Finding the truth in conflict is a great opportunity for growth. Maybe it will lead to a deeper connection and a better date. Maybe you’ll find yourself going from dating to relationship. Maybe it will lead to the realization that the person you’re dating is fundamentally different and you’re just not connecting. Either way, it’s perfectly fine. It’s really all about the fun and excitement of dating and learning new truths and new things about ourselves.

Your deeper connection starts with you. It’s about allowing yourself to be vulnerable. We’ve all been there, and it’s not easy. It takes a lot of bravery and strength to be comfortable with yourself and share with another person.

Each time something doesn’t work out, there’s also a tendency to apply it to a formulaic way of thinking: When I talk about this, it doesn’t work, so I shouldn’t bring it up. Some of us might lean back on our limiting beliefs. We start to train ourselves to hold back more and more.

It takes a lot of bravery and strength to pick up, brush off, and overcome this mindset. However, once you find the strength, it will propel you forward to a more comfortable place. Be accepting of who you are and put it out there on each date.

To learn more about how to be yourself, find love, and get what you want out of your dating life (and life in general), click here to learn more about our next More Life Training.

Let us know how your dating is going! Tune in to our podcast every Wednesday to talk about dating, relationships, and how to bring out your best self. Listen to this episode here on BlogTalkRadio.

Liked this post and want more? Sign up for updates – free!


About the Author

Rachel Zwell

Rachel Zwell is one of the core coaches in the Year of Transformation program. She is an emergence coach specializing in empowering individuals to increase their fulfillment and satisfaction in their lives, to achieve their professional and personal goals, and to develop their leadership skills. She coaches and mentors people to develop self-awareness, vision, strategies, and to build skills in social and emotional intelligence. She believes in full engagement and aliveness, and trains people to see and overcome the barriers that prevent them from living fully.


Featured blog post image “couple” courtesy of Flickr user Wyatt Fisher licensed under CC by 2.0. The original image was altered for this use.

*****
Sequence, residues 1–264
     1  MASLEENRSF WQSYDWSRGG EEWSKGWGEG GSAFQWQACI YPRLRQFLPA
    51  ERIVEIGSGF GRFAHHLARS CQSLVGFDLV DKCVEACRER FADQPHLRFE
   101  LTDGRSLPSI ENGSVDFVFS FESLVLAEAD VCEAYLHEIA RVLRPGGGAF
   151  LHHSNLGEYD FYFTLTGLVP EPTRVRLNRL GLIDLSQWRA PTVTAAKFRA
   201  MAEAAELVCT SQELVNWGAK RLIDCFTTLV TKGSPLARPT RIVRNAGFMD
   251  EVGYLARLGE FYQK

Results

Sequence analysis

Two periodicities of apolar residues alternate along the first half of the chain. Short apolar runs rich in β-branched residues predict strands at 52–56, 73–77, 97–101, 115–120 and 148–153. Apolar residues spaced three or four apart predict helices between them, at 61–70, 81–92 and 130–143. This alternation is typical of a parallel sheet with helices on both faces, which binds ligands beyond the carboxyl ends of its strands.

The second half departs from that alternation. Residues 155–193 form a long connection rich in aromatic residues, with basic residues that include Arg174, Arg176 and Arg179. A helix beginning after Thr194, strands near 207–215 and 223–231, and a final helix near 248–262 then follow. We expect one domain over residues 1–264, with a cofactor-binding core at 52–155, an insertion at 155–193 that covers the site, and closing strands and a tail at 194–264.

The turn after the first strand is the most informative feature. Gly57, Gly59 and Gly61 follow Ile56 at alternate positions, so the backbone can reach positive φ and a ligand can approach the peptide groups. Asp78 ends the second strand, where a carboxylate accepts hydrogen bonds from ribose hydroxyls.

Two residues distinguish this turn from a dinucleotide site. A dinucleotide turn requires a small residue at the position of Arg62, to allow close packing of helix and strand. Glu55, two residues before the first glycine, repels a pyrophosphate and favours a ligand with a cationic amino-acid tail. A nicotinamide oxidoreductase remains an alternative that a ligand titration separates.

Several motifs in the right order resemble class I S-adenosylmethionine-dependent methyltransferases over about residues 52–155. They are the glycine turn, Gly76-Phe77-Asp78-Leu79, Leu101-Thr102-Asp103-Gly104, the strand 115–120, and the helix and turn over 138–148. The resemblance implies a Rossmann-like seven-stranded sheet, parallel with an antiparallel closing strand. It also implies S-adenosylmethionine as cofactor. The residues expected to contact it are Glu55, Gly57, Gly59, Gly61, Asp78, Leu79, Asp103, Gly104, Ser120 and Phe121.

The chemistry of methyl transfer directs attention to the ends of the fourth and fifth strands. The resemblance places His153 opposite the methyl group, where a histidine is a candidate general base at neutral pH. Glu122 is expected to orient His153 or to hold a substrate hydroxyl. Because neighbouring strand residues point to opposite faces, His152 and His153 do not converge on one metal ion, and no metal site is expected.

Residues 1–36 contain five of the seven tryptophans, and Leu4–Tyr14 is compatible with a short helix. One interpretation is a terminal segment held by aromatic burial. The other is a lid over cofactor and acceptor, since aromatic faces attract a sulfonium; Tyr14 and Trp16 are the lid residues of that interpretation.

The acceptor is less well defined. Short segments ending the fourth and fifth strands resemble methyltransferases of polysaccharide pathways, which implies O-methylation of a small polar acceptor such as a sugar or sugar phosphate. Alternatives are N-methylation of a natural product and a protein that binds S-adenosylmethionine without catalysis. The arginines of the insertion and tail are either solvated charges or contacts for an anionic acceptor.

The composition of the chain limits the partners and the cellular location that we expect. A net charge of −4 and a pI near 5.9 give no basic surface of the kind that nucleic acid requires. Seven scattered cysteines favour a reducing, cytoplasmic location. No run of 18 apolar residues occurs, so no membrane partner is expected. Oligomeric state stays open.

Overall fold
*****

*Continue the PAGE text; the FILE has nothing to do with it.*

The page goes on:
Wright Living is a division of the Wright Foundation for the Realization of Human Potential, a leadership institute located in Chicago, Illinois. Wright Living performative learning programs are integrated into the curriculum at Wright Graduate University.

Getting Real:
It’s OK to Be Yourself
on a First Date

Read this post if this sounds like you:

  • First dates are hard!
  • I want to explore the world and meet new people.
  • Sometimes it’s not that easy to “just be yourself.”
  • I want to get more out of my dating life.
  • I want to more real human connections in my life.
  • I want to be ready to really get myself out there.

Remember MTV’s Real World? The tagline always went something like this: “find out what happens…when people stop being polite…and start getting real.” Time to get real. Let’s talk about the “real world” of dating.


 

How often have you psyched yourself up for a first date by getting into the mindset that you’re going to put your best self forward? BUT, are you really putting your true self out there? OR are you actually psyching yourself up to trick or dupe the other person into believing you’re that someone they want you to be?

Ok, so everyone puts on a bit of a show on any first date. Most of us wouldn’t show up un-showered and in sweatpants, ready to spend the night showing off cellphone pics of our cat. However, six months or a year down the road, there’s definitely going to be a Sunday afternoon where you find yourself on your couch in those pants, looking at pictures of Mr. Fluffers. Reality happens…eventually.

So WHY do we work so damn hard to hide it at first?

I’m not just talking about the silly sweatpants scenario, either. On a first date, we may think, “I’ll order something healthy, so he’ll know I’m a healthy eater,” or “I’ll talk about my promotion at work, so she’ll know I’m a hard worker.”

We’re striving to be a version of ourselves we think the other person wants, but really, shouldn’t we just let our freak flag fly?

When do we stop being polite and start getting real? And how?!